A mating pair of barn swallows have been nesting on our front porch for the past month or so, but today we noticed 5 brand new baby barn swallows poking their heads out at us…
Some neat info. on the Barn Swallow from Wikipedia:
The barn swallow is the most widespread species of swallow in the world.
In the past, the tolerance for this beneficial insectivore was reinforced by superstitions regarding damage to the Barn Swallow’s nest. Such an act might lead to cows giving bloody milk, or no milk at all, or to hens ceasing to lay. This may be a factor in the longevity of swallows’ nests. Survival, with suitable annual refurbishment, for 10–15 years is regular, and one nest was reported to have been occupied for 48 years.
The Barn Swallow symbolizes the coming of spring and thus love in the Pervigilium Veneris, a late Latin poem. In “The Waste Land,” T. S. Eliot quoted the line “Quando fiam uti chelidon [ut tacere desinam]?” (“When will I be like the swallow, so that I can stop being silent?”) This refers to a version of the myth of Philomela in which she turns into a Nightingale and her sister Procne into a Swallow; in less familiar versions, the two species are reversed. On the other hand, an image of the assembly of Swallows for their southward migration concludes John Keats’s ode “To Autumn.”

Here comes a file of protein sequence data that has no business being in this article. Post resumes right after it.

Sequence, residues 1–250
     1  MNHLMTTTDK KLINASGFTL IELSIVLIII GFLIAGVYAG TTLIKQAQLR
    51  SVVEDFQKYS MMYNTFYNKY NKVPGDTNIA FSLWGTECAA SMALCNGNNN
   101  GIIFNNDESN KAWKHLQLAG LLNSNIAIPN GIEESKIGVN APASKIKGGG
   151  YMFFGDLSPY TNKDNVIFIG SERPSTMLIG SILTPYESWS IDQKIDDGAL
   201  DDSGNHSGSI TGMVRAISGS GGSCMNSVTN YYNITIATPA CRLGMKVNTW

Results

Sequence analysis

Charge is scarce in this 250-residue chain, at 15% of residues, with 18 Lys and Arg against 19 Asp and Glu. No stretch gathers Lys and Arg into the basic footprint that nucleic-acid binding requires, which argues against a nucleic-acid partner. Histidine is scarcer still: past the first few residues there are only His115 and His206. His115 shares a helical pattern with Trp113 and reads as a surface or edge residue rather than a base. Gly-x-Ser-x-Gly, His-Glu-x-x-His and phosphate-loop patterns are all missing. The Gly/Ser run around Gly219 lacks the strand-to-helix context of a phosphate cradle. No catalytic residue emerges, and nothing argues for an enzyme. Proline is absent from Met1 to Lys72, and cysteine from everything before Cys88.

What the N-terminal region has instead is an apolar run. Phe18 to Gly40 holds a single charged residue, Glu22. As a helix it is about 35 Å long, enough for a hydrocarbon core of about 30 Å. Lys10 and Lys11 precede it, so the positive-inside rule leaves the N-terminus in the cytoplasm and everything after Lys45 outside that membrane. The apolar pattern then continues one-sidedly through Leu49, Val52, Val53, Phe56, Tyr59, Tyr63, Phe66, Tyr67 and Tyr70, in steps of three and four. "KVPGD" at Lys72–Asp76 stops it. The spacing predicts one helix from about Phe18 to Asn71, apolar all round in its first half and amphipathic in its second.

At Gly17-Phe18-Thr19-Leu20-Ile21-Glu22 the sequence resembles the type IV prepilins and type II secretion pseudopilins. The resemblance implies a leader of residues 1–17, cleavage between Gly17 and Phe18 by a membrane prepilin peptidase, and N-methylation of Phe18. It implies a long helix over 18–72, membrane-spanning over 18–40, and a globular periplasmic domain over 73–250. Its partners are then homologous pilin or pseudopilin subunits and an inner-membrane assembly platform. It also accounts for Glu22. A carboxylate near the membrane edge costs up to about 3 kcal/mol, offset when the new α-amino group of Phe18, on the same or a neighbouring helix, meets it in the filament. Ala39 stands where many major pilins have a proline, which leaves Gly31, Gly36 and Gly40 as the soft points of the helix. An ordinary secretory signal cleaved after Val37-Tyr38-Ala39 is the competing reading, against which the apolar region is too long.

(barn swallow in flight)
There are mentions of the Barn Swallow in the Bible, although it seems likely that it is confused with the swifts in many translations, or possibly other hirundine species which breed in Israel. However, “Yea, the sparrow hath found her a house, And the swallow a nest for herself, where she may lay her young” from Psalms 84:3 likely applies to the Barn Swallow.
The swallow is also notably cited in several of William Shakespeare’s plays for the swiftness of its flight; for example: “True hope is swift, and flies with swallow’s wings…” from Act 5 of Richard III, and “I have horse will follow where the game Makes way, and run like swallows o’er the plain.” from the second act of Titus Andronicus. Shakespeare also references the annual migration of the species poetically in The Winter’s Tale, Act 4: “Daffodils, That come before the swallow dares, and take The winds of March with beauty; violets dim,…”.